After reading Lepore and McCullough, I went on to read Kendi’s Stamped from the Beginning; John Treuer’s Heartbeat of Wounded Knee; Kent Nerburn’s Neither Wolf Nor Dog; Ta-Nehisi Coates’ Between the World and Me; Louise Erdrich’s historical novel of her grandfather, The Night Watchman; Claudio Saunt’s devastating account of Indian removal, Unworthy Republic: The Dispossession of Native Americans and the Road to Indian Territory; and Greg Nokes’ Breaking Chains: Slavery on Trial in the Oregon Territory. I reread Guns, Germs and Steel, and revisited chapters about the impact of diseases on indigenous Americans in Charles Mann’s 1491: New Revelations of the Americas Before Columbus. I retrieved Bury My Heart at Wounded Knee from the book shelf; it was published in 1970, has been translated into 17 languages, and has never gone out of print! When I finish it, I’ll go back to Alvin Josephy’s Patriot Chiefs, first published in 1961, and in print for most or all of the last 60 years.

True history of our United States has been out there all along. Black Americans and American Indians have known and lived it, and they are now writing it in the books mentioned above, and in many more. New historians, sometimes called “environmental historians” because they pay attention to climate, geography, and disease in interpreting the past, are shedding new light on old history—confirming what indigenous knowledge has long held.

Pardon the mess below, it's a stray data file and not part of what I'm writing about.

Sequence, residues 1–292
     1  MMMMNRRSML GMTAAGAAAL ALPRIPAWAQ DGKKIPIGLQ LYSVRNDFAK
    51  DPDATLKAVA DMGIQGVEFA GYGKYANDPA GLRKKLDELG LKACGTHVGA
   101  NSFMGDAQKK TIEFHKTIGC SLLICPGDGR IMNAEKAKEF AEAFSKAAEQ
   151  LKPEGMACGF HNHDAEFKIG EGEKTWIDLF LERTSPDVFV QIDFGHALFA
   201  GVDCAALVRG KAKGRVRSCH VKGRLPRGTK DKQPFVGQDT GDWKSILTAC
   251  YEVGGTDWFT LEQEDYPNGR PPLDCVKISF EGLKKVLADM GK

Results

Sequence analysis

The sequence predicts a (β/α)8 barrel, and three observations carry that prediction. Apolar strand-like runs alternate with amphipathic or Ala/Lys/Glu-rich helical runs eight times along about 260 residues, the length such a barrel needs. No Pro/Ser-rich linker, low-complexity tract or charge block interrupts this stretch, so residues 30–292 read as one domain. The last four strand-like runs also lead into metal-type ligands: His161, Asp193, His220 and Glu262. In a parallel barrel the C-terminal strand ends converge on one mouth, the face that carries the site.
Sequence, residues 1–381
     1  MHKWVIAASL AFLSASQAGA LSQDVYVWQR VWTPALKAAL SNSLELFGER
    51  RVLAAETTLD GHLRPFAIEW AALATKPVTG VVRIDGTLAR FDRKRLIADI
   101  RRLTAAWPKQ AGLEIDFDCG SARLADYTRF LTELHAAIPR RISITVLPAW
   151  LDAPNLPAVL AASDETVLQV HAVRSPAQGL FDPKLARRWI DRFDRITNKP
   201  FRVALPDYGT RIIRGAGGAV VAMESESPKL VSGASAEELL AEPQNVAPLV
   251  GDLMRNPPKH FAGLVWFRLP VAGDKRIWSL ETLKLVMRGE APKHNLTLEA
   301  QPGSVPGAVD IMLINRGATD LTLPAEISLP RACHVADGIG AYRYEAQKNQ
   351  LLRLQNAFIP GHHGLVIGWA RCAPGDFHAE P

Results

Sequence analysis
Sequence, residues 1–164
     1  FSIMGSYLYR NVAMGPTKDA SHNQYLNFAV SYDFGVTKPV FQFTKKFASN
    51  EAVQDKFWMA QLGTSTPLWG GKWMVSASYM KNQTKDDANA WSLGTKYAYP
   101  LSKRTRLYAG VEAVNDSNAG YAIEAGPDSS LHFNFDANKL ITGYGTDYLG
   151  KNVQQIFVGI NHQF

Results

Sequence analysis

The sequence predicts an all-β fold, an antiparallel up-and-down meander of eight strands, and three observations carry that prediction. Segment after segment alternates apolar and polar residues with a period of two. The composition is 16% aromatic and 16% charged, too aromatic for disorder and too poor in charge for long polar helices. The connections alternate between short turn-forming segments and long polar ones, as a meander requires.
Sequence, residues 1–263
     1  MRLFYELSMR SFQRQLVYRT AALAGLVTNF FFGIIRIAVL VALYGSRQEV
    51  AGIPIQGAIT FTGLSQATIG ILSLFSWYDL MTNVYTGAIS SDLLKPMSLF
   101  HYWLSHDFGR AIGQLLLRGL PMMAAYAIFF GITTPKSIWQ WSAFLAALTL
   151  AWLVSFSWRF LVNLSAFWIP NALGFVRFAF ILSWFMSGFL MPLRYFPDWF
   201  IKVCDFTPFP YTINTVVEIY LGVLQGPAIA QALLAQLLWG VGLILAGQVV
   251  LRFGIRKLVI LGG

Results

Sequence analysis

Yet Lepore and McCullough have their followings. I propose that it is largely made up of people with an underlying belief in “progress” and American exceptionalism. I don’t think either of the authors I am picking on set out to be “anti-Indian,” but that their firm belief in American progress framed their thinking and disallowed the stories that Saunt found about Indian Removal in the Jackson era. (Arthur M. Schlesinger, Jr., another classic liberal American historian, failed to mention the Cherokee removal in 1946 his Pulitzer Prize-winning The Age of Jackson).

Kendi’s notion of “progress” is quite different than that of Lepore or McCullough—a story of African Americans struggling to find their place in a continually hostile America.  For American Indians, progress now is return to treaties and old ways of dealing with the land and its resources. They are not dreamy about rejecting everything of modern America, but growing increasingly confident that their own beliefs and ways of life before colonization have things to teach us still.

And enough regular American citizens—and world citizens—see reason in Black and Indian interpretations, and continue to search for the true stories to keep Dee Brown, Josephy, and Jared Diamond in print, and allow new Black, Indian, Asian, and sympathetic white writers’ books space on bookshelves. They might not replace the historians of progress, but they are increasingly important in offering different visions of our past—and roads to the future.

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  1. Rich: This is insightful, provocative in the best way, and just exceptionally well written. In the words of Marianne Moore, “Omissions are not accidents,” which you point out effectively and artfully. Fine work.

  2. Rich,
    Bravo. This is a great piece. Such an important message and so much history overlooked by authors who should know better.